Accommodations for those with special needs or disabilities need to be planned for in advance. An obvious example would be having alternative escape routes available for those in wheelchairs at a Health Care Facility.

I keep repeating myself but the key is to plan and prepare as much as feasible prior to an event. Evacuation drills should be run with the same frequency as Fire drills or other environmentally specific drills such as tornado or earthquake.

As your plan finalizes, take the time to coordinate with the various First Responders in your area. SWAT teams are always looking for places to train or at the very least might want to do a walkthrough of your business to look at potential unique hazards at your location. Establishing rapport with the locals can never hurt and might provide further insights.

Post Incident

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Once the situation is stabilized there will be a great deal confusion. If your business was involved it’s now part of a crime scene and responding officers will have secure it from potential crime scene contamination. Try to gather your employees in a safe location. Officers and or Detectives will want to interview them. There might be items of evidence lying around. Try not to disturb things.

Rumors are rampant during these types of situations so try and establish a point of contact with Law Enforcement so that there is just one point of communication going back and forth. It will improve the flow of communication. This is another time for patience. A lot of adrenaline has been pumped out and nerves will be on edge. If there are any employees that appear to be overly traumatized try and coordinate a Mental Health professional to screen them and prepare a plan for follow-up. This is another time where prior coordination and pre-planning will come in handy.

Continuity of Operations

The sad reality is sometimes bad things happen to good people. A little up front preparation can become the difference between life and death both for individuals and businesses. As I stated above identifying the mission critical aspects to your business and having backup plans can make the shift back to “normalcy” go a lot smoother. Identify your mission essential positions and processes and have backup plans in place. It’s far easier referring to your previously written plans and doing a check the block as you go through them as opposed to creating one on the fly. Think redundancy, as I was taught in explosives training, you always want a redundant initiation device. 3 is 2, 2 is 1. Have a backup plan and then a backup plan to the backup.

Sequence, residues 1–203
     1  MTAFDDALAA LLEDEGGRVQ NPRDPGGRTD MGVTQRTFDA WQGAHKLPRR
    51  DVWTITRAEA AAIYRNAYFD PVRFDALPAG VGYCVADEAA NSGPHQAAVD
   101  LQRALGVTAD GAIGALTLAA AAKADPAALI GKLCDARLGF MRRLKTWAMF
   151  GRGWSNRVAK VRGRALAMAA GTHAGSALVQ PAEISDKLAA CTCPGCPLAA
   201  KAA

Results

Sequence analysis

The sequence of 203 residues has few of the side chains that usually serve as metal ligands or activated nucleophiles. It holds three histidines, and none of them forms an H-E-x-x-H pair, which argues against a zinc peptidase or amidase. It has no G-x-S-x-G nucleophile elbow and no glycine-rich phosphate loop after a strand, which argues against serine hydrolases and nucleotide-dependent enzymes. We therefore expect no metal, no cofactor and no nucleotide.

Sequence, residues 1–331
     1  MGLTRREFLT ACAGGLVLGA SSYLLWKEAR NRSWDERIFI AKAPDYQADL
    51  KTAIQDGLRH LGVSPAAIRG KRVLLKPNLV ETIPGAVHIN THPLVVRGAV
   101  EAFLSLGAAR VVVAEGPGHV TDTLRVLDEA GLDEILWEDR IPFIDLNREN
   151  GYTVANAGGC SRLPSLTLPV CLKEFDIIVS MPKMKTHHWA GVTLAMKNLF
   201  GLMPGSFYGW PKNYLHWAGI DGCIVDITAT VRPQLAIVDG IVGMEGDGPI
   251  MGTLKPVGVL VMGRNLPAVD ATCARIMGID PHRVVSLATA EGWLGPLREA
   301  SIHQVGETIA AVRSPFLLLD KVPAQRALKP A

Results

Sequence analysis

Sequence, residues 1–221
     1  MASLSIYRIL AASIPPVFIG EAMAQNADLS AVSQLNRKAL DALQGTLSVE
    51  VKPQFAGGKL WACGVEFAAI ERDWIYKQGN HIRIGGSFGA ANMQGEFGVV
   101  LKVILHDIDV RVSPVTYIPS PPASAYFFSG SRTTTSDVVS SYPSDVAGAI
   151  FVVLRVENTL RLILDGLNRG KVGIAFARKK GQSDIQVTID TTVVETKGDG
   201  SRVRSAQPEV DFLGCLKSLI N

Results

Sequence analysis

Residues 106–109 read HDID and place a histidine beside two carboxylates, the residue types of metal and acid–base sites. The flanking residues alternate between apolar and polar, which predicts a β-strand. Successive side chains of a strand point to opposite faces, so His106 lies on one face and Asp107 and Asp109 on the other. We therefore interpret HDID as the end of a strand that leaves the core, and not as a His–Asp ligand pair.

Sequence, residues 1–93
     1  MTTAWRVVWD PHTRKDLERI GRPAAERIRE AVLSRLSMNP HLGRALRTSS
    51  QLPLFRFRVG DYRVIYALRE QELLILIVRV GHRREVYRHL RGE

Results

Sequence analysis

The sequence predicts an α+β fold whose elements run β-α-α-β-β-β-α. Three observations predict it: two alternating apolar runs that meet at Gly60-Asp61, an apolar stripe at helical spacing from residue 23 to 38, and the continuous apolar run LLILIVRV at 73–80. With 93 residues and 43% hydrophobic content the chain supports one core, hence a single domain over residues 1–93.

Conclusion

This concludes our three-part Run, Hide and Fortify® series. My hope is that there is enough useful information in this series to help create an action plan for you or your business.

About the author

John Farrar graduated from the University of Washington and has been a Police Officer for over 20 years in a large Metropolitan City and served in a variety of positions including Crime Analyst for 5 years.

John has training in a wide variety of fields including Interview/Interrogation, Surveillance, Eastern European Organized Crime, Crime Analysis, Terrorism Analysis, Terrorism Awareness and advanced training in Criminal Investigative Analysis (Profiling). His technical training consists of hardware/software, preservation of digital evidence, management of digital investigations and computer forensics as well as Cyber Terrorism on network security.

He is also a graduate of the DEA Intelligence Analysis Course taught at Quantico, Virginia.

For further information on Security, Terrorism and other items of interest, check out John’s blog at www.intelligencereview.net.